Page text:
A favorite tool that you like to use? If you had to move and could only take one tool with you what would it be.
Don’t harvest it all at once if you can. Raspberry bush and freezer is the gardener’s best friend.
Do you have any secrets for preserving food-making it last?
Have canned no special secrets.
What’s the best gardening advice you ever received?
First thing you plant in a garden, is a chair, get a chair. So much to get out of the garden besides the food, one of which is just sitting and being and enjoying the pace of life which is moving all the time, and moving at a pace much slower then the average human speed today. Sitting in the garden, and looking and enjoying the life force.
So Robin is creating a list of seeds to buy together like red cabbage, carrot leaves, and onion skins with the intention for making your own dyes.
If you have a business to you have any advice for our listeners about how to sell extra produce or get started in the industry?
Robin has the gift of being able to rely on the company founder, Harris to still be providing them with seeds, as Robin spent lots of time last year learning the business and trialling a lot of plants, and saving seeds.
Recommend having a strong network of friends and community members.
They are currently working together with some other producers to create a Local Food hub – Farm to Fork food hub – where they have an online store where members of the co-op can buy those products once a week, and eventually connect with other hubs statewide that would connect producers of Montana made ecologically produced goods and consumers who are looking for those items.
Final question- if there was one change you would like to see to create a greener world what would it be? For example is there a charity or organization your passionate about or a project you would like to see put into action. What do you feel is the most crucial issue facing our planet in regards to the earth either in your local area or on a national or global scale?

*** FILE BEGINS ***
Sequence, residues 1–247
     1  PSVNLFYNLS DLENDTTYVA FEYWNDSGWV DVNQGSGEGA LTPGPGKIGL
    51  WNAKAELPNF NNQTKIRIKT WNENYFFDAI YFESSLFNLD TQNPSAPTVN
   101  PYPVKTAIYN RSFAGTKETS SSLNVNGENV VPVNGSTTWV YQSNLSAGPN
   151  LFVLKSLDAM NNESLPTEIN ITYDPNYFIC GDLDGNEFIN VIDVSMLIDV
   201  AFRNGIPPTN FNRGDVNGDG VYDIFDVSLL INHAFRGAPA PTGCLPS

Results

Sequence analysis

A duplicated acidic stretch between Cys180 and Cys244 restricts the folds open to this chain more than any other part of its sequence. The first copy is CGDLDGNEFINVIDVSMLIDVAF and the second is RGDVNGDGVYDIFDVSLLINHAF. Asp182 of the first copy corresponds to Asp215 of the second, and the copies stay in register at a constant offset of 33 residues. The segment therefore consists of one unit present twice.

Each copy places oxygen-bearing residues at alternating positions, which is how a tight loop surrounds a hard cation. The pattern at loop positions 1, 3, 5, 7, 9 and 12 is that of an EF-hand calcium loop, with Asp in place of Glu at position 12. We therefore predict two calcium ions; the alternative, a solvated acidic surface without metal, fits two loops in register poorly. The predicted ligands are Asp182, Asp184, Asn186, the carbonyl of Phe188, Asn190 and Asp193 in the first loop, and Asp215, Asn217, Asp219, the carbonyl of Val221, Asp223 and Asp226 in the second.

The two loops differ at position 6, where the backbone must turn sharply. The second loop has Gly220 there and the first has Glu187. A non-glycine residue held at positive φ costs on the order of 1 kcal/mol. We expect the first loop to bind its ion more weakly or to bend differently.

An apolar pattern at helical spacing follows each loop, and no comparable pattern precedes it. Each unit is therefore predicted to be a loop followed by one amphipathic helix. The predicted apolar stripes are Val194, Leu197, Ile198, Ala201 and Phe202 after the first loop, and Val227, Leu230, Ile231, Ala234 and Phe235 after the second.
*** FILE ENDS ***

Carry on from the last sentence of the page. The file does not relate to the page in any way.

Quality of our soil. Without soil, we don’t have food, and without food we are unsustainable. Western culture is disconnected from the soil, we are not taking care of it and it is at risk of destruction. Would like to see people reconnect to the soil, and understand that the quality of our soil is the starting point for our food and our health. What happens in our bodies, is what happens to our planet?
If everyone made a commitment to grow one plant and eat from the plant that they grew (and save the seed).
Real vision if everyone planted one tomato plant on their patio, took care of it, ate from it, let it produce fruit and saved the seeds from one of those plants and then grew another plant from that seed and watch it make food again it could literally turn the world around. Lots of people grow their own food, but they buy seeds, but when you realize the extraordinary power that exists from planting one seed that then grows a plant the next spring with maybe 50 tomatoes on it it’s an extraordinary sense of power and capability, independence and freedom, it’s just an amazing feeling!
But would be happy to see people grow a single radish :~)
Do u have an inspiration tip or quote to help motivate our listeners to reach into that dirt and start their own garden?
Movie called Dirt. A group of women in prison who started a garden. Shifted them and their lives as a result, and they had a song they would sing. Refrain that says “dirt don’t hurt.” Had tough lives and felt there was nothing they could trust. The Earth gives so much back. With a little effort and it returns is a 1000 fold the generosity you give it.